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I assume this is impossible, but I need to find a barcode (that can contain a url, i.e., a QR style one).

It has to be photographed by our smartphone app, but the image will not be changed over a period of weeks or months and has to be on paper.

No matter what we put in the barcode, we always come up with the same flaw: someone could photograph the QR code, print and rescan.

Which is what we are trying to avoid: unauthorised scans of the barcode.

The barcode will only be shown to the phone for a few seconds, and won't be easy available otherwise.

We thought of using AGPS to get the location, however a malicious user could photograph and print the code, then scan near the location they originally got it (which will never move).

So, to sum up: we need a barcode that can contain a url that will only change every few weeks/months that needs to be scannable by a smartphone, that can't be scanned without permission, without interaction with the device except by the owner (i.e., the person who has the barcode can't use the device to scan).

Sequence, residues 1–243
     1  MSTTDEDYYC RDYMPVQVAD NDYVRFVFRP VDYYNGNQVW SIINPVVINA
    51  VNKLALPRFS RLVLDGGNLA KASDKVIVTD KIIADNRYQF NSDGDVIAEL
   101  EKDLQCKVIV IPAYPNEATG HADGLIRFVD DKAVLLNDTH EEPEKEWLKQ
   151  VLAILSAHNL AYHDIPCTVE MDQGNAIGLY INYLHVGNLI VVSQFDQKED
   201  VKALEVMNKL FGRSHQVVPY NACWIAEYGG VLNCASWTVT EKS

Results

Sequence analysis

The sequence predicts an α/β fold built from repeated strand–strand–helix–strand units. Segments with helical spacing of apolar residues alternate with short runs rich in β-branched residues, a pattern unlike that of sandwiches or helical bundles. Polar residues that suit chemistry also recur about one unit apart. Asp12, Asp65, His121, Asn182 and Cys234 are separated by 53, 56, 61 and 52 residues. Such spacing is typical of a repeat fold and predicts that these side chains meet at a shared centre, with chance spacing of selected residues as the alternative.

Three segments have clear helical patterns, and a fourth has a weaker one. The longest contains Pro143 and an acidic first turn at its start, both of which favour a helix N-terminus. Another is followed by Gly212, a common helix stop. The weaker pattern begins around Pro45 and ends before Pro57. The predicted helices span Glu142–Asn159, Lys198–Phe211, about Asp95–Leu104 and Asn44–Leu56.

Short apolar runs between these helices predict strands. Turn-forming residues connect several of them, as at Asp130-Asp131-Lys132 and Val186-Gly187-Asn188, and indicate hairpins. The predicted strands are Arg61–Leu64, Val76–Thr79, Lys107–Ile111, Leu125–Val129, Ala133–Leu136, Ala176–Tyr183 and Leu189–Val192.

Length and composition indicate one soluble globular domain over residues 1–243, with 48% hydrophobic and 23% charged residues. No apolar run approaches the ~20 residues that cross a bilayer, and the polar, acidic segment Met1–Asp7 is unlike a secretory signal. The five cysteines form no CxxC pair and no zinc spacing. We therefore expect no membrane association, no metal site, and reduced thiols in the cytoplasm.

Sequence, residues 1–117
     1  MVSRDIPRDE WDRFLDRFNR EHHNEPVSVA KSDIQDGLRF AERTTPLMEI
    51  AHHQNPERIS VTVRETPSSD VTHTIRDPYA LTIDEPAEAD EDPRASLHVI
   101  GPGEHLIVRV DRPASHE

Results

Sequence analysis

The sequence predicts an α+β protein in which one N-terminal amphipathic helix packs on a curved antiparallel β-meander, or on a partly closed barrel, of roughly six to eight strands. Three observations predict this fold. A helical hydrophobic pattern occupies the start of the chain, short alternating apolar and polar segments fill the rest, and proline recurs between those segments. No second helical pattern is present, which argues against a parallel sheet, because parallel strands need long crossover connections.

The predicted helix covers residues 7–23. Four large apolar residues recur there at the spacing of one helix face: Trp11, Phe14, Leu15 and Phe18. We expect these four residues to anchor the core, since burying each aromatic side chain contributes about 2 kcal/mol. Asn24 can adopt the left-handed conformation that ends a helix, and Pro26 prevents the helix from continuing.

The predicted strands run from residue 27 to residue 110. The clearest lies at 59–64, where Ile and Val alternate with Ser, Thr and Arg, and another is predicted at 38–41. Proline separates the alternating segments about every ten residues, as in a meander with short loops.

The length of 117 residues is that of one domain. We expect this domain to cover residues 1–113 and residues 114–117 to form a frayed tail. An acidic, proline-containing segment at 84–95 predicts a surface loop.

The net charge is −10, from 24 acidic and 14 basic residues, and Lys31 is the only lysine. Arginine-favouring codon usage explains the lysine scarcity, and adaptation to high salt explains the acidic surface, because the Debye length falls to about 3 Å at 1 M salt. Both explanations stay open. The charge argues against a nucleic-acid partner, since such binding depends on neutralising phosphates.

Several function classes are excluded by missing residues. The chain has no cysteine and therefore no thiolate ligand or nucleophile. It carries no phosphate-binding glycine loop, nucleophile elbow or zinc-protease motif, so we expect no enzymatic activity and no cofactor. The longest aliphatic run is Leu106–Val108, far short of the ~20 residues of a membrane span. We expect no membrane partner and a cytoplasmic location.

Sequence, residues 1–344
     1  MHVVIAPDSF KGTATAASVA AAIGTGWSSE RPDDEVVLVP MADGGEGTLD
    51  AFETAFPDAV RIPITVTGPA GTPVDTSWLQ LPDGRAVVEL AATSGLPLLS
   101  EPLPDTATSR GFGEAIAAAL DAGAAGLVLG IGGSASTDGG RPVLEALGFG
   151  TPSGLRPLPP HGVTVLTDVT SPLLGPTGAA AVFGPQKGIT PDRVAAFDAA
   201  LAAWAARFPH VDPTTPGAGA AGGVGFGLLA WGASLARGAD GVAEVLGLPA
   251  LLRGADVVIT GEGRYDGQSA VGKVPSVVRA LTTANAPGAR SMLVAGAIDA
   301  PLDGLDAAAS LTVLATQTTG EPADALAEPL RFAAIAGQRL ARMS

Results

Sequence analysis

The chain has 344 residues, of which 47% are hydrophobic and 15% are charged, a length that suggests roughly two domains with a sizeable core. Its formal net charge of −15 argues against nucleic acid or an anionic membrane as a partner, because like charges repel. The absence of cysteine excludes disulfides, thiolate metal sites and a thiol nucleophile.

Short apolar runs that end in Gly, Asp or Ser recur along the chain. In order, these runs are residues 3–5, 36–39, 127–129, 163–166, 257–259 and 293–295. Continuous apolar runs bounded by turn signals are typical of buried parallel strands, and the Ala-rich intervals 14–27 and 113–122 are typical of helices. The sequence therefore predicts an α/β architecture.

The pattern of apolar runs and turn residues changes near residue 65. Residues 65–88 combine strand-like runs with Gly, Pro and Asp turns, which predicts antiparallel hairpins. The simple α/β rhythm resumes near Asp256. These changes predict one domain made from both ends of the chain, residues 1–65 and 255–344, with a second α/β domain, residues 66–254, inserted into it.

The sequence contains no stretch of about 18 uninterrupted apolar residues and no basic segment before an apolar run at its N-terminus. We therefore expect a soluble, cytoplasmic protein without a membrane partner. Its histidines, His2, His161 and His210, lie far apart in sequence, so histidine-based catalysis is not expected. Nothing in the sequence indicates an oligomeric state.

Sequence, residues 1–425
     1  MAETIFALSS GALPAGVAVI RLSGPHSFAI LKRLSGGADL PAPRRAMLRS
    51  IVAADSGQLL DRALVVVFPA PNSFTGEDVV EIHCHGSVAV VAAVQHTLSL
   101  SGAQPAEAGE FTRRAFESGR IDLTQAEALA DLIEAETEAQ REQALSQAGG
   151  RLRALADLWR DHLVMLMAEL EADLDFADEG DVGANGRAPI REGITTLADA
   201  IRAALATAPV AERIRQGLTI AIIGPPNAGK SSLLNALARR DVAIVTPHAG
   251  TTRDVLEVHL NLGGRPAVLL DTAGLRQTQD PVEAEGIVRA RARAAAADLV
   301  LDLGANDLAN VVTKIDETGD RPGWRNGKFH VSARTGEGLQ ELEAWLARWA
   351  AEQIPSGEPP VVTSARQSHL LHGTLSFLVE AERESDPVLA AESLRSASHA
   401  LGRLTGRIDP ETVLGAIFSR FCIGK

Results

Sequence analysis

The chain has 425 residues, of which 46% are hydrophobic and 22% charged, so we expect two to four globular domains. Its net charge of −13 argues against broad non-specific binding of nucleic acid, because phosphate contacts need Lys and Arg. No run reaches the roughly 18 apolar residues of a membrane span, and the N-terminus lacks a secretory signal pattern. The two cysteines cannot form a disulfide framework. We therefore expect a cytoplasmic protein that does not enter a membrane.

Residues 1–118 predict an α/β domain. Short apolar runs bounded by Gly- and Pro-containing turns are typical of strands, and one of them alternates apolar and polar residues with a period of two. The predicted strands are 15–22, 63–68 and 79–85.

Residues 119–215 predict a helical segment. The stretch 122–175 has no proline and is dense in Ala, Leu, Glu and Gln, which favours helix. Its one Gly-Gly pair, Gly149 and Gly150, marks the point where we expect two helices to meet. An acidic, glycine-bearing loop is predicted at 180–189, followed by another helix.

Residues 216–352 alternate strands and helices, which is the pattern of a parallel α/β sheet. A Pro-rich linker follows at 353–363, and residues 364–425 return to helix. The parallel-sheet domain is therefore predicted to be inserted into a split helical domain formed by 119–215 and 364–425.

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The answers are all flailing around because the question doesn't clarify what your actual scenario and goal is. Please edit the question to clarify what your underlying problem is, the assets you're trying to protect, your threat environment etc. What does "secure" mean to you? See the faq. –  nealmcb Jul 18 '11 at 13:24
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First thought: The phone needs to copy the image in enough detail to decode it accurately in order for it to work at all. If you could operate some form of magic or technical wizardry to make it uncopyable, it would stop functioning. –  Phoshi Jul 18 '11 at 13:35